This Special CIMAS spotlight is written by Director Emeritus Peter Ortner himself!
“I came to CIMAS in 2007 as Associate Director after I retired from NOAA/AOML and became the Director in 2009 upon the retirement of Dr. Joseph Prospero. Since 1978, I have been a faculty member at RSMAS- while still a NOAA employee I served as an Adjunct Professor but after that as a Research Professor. I am particularly proud of the wonderful graduate (and post-doctoral) students who have come through my lab and their marvelous subsequent careers. Since the mid-1970’s, my research has centered upon how ocean circulation and currents regulate the abundance, distribution and productivity of planktonic aka drifting marine organisms. My focus has remained upon the development of “indirect” methods of sampling and upon improving the methods available to address this fundamental problem, in particular upon the use and integration of optical and acoustic technologies. Since 2000, I have been developing and promoting the concept of using not just specialized research vessels but Ships-of-Opportunity (commercial vessels regularly transiting the ocean) to sample ocean biology, physics and chemistry – a concept we call OceanScope (see http://scor-int.org/Publications/OceanScope_Final_report.pdf)
The research findings and methodologies of our research group are directly contributing to understanding the basis of fluctuations in fisheries resources and the changes in the ocean associated with global warming and ocean acidification. In recent decades, the urgency of understanding these issues has markedly increased with recognition of the enormous impact humans have had upon the natural ecosystem and the enormous challenges we face. Although I did not know it at the time, the USN funded my work for decades not because of their interest in the environment but because the distribution of plankton affect acoustic (and optical) submarine communication systems (and submarine detection!).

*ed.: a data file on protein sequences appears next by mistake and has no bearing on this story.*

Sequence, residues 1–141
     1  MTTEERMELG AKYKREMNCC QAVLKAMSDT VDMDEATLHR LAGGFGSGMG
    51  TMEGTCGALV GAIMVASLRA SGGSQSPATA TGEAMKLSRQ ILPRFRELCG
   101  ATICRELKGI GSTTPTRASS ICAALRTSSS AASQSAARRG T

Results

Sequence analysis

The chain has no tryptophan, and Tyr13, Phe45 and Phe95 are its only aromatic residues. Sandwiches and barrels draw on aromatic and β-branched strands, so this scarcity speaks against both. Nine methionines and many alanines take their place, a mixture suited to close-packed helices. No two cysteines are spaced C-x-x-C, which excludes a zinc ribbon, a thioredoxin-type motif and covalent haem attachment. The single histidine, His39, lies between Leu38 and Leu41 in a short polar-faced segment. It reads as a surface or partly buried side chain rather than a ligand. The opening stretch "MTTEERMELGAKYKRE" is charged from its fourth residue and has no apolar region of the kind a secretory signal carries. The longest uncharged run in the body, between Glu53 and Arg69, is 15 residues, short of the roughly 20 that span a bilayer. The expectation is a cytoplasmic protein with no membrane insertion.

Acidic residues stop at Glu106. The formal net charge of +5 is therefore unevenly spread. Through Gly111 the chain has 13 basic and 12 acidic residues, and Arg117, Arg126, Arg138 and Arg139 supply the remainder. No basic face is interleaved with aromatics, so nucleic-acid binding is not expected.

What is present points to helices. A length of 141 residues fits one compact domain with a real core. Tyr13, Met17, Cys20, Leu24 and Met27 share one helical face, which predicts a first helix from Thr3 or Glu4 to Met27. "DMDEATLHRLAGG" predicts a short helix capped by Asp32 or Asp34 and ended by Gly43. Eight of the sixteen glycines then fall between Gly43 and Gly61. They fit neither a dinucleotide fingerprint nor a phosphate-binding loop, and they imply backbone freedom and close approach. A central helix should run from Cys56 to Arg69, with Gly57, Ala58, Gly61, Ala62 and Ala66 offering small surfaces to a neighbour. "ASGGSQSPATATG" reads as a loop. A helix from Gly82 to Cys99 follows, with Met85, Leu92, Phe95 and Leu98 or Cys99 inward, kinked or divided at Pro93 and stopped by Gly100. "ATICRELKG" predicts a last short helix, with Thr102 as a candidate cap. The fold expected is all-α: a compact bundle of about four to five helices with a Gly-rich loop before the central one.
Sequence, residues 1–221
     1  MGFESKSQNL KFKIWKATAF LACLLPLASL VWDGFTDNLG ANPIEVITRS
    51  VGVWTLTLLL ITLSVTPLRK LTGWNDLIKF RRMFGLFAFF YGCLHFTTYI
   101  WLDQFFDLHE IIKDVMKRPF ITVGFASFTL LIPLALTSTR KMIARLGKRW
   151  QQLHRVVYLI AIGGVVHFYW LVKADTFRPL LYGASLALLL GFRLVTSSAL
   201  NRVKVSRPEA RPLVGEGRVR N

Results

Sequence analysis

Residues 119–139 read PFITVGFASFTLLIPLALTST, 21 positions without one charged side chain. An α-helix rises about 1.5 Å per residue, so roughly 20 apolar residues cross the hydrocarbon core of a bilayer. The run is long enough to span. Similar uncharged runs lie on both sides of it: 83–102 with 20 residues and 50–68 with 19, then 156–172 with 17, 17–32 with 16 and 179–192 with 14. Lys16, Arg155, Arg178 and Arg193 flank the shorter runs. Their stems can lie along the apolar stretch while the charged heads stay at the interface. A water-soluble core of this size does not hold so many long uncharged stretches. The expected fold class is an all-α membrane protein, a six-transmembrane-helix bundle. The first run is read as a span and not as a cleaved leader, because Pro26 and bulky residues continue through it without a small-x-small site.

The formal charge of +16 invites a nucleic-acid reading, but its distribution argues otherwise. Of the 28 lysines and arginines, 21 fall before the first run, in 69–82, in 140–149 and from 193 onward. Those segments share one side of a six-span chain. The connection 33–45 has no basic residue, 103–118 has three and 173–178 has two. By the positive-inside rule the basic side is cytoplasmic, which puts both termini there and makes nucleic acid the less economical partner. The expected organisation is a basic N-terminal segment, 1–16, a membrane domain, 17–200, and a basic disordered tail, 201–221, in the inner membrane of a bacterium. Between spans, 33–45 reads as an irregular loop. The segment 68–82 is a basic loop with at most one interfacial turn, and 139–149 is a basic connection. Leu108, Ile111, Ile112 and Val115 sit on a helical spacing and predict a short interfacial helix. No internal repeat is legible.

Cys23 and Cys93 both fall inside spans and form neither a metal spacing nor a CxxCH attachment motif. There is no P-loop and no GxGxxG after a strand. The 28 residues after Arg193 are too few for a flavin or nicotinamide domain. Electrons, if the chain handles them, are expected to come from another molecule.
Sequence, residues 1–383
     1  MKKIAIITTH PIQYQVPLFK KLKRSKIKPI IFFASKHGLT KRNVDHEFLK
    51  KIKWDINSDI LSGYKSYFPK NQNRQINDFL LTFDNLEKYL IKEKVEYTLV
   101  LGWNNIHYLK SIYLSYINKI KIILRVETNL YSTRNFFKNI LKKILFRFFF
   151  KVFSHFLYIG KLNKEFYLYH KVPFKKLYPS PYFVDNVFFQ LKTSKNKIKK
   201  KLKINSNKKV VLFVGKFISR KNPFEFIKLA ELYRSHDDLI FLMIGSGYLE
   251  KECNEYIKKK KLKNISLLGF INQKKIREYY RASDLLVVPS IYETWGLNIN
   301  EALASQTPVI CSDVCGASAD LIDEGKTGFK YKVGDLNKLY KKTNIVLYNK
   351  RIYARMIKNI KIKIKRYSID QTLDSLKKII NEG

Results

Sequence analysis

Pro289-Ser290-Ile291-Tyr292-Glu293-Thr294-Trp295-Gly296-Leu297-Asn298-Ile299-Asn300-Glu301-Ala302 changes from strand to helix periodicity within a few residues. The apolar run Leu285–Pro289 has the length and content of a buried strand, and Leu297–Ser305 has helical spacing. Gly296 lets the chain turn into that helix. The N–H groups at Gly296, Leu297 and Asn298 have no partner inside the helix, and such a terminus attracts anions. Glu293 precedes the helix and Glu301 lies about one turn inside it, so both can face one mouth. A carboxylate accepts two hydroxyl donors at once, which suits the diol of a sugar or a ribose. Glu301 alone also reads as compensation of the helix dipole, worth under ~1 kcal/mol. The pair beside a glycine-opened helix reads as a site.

My interest in (and study of) science began in middle school and has continued since but my attachment to and concern for the marine environment began much much earlier. My parents were sailors and I grew up on the water in a coastal community. That said, having studied at Columbia University in NYC during my high school years I had satisfied all science requirements before college. When I got to Yale, I became first a classics major, then literature and finally a philosophy major. I did not return to science until after I graduated eventually becoming the first student in the Woods Hole Oceanographic Institution graduate program and moved to the NOAA laboratory in Miami in 1977 joining the RSMAS faculty shortly thereafter. Some years later I got a law degree at UM and joined the UM Law School faculty as well. Over the years, my law training has proven repeatedly useful to me both at NOAA and at UM, with respect to marine pollution, ship groundings and the local effort to restore the Florida Everglades.
Along with hiking and camping trips, my wife and I spend as much time as we can cruising Biscayne Bay, the Keys and Bahamas aboard WAIF our family sloop with our two daughters. I tried to ensure that they (like I did) grow up on the water with a love of the sea. I think I have been successful.
At this very moment, my research group is busily instrumenting a new luxury passenger vessel that is being purpose built in the Netherlands to cruise the Galapagos Archipelago in the eastern Tropical Pacific Ocean. Our programs aboard Royal Caribbean Cruise Line Ltd. ships incorporates significant outreach efforts. Passengers learn about the problems the ocean environment is experiencing and the data generated aboard that we are making freely available to both the scientific and marine operations communities. We then encourage them both as citizens (and consumers) to do whatever they can to mitigate the negative environmental impacts of industrial society.”